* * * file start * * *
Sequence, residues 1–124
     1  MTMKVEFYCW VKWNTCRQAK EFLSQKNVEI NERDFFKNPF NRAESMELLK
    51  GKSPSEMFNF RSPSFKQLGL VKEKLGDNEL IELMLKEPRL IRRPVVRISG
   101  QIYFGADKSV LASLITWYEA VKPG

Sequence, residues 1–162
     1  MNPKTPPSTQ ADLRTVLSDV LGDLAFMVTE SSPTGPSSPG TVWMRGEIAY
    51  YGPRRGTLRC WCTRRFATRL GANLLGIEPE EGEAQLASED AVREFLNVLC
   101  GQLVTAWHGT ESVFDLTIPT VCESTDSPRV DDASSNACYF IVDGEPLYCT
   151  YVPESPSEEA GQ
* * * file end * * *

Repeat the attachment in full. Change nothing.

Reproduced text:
Sequence, residues 1–124
     1  MTMKVEFYCW VKWNTCRQAK EFLSQKNVEI NERDFFKNPF NRAESMELLK
    51  GKSPSEMFNF RSPSFKQLGL VKEKLGDNEL IELMLKEPRL IRRPVVRISG
   101  QIYFGADKSV LASLITWYEA VKPG

Sequence, residues 1–162
     1  MNPKTPPSTQ ADLRTVLSDV LGDLAFMVTE SSPTGPSSPG TVWMRGEIAY
    51  YGPRRGTLRC WCTRRFATRL GANLLGIEPE EGEAQLASED AVREFLNVLC
   101  GQLVTAWHGT ESVFDLTIPT VCESTDSPRV DDASSNACYF IVDGEPLYCT
   151  YVPESPSEEA GQ